'Exodus of our doctors is not just about pay or salary gap'
Cork-based trainee neurosurgeon John Duddy insists better pay is only part of the solution to keeping homegrown doctors working in Irish hospitals.
The current salary gap, which has seen new recruits paid less since 2012, must be tackled at the upcoming pay talks, he said.
"It's difficult for a neurosurgeon to take up a post here if they cannot do their job properly and are without an operating list and resources. They need to be given the tools to do their work as well," he said.
Commenting on yesterday's report from the Public Sector Pay Commission, Dr Duddy said he welcomed the fact it acknowledged the problem of retention and recruitment of doctors.
The report gave a ray of hope that a special case could be made for health workers, who are proving difficult to attract.
It noted that "previous flexibility that existed around pay scales in specialist and scarce skills areas may need to be revisited".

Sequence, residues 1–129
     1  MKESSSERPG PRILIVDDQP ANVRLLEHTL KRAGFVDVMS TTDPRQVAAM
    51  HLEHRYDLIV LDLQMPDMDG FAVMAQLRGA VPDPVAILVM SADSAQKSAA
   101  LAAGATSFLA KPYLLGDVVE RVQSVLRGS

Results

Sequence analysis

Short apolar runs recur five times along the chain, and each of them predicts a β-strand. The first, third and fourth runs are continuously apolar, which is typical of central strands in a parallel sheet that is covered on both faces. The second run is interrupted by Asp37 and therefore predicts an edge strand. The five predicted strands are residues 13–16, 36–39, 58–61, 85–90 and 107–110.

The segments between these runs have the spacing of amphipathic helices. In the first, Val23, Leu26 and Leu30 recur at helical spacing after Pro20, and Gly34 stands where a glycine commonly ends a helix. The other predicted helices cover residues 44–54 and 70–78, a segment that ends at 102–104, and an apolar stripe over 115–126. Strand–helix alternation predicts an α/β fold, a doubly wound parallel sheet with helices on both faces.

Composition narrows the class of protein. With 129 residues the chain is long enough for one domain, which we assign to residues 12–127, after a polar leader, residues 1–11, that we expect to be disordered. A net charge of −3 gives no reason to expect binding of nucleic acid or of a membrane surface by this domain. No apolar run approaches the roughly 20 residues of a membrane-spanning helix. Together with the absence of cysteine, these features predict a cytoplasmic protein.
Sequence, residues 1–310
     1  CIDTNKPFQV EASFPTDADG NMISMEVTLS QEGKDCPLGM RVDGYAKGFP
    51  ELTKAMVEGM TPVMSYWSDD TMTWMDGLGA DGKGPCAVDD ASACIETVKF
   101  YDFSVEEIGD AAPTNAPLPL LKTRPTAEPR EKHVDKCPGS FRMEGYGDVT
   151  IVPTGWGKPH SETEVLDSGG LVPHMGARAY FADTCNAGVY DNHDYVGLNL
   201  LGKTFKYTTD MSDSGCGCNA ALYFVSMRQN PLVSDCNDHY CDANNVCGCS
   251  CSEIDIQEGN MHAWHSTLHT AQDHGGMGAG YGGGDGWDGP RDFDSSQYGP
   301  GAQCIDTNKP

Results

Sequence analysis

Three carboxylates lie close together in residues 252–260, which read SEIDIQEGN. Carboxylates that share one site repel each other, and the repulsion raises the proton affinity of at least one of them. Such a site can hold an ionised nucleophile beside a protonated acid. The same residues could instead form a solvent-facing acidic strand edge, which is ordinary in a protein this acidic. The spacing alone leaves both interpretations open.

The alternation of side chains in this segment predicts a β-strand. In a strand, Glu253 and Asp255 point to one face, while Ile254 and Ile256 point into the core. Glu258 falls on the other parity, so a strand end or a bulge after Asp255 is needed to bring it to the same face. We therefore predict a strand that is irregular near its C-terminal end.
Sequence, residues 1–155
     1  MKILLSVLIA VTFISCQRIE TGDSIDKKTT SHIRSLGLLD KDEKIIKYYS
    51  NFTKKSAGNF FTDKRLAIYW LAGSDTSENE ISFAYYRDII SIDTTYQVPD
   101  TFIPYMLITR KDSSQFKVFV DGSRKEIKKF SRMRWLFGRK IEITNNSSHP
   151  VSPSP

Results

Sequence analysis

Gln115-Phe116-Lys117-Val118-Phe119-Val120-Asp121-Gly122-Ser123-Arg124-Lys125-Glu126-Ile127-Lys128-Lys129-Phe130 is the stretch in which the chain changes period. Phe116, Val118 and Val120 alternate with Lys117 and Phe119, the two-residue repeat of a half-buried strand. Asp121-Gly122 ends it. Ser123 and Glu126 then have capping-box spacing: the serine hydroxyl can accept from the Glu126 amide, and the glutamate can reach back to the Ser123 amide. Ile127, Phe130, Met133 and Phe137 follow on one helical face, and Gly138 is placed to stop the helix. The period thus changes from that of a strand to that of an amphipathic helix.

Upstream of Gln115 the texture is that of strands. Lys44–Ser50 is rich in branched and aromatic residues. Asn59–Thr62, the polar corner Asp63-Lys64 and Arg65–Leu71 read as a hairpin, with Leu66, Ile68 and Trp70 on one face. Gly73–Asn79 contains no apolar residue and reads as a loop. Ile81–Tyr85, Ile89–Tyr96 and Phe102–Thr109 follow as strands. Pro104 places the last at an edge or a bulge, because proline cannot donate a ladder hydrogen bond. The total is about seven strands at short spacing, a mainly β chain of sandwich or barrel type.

Dr Duddy, who recently ended his term as president of the Irish Medical Organisation, said he will be emigrating to gain more experience in his speciality.
"I will have to go abroad for further specialist training. There is a limited number of posts for neurosurgeons anyway.
"With the lower new entrant payscales it would be less attractive to become a consultant working in Cork on a one-in-three or one-in-four rota. That would be very busy and you are getting paid a third less than your colleagues," he said.
He said patients are suffering and are on long surgical waiting lists because of a lack of surgeons in areas like orthopaedics.
Dr Ann Hogan, who has succeeded him as president, stressed the Government must move forward quickly on the pay agenda.
"At any given time there are almost 400 consultant vacancies in our health services and over 80pc of our graduates intend to emigrate," she said.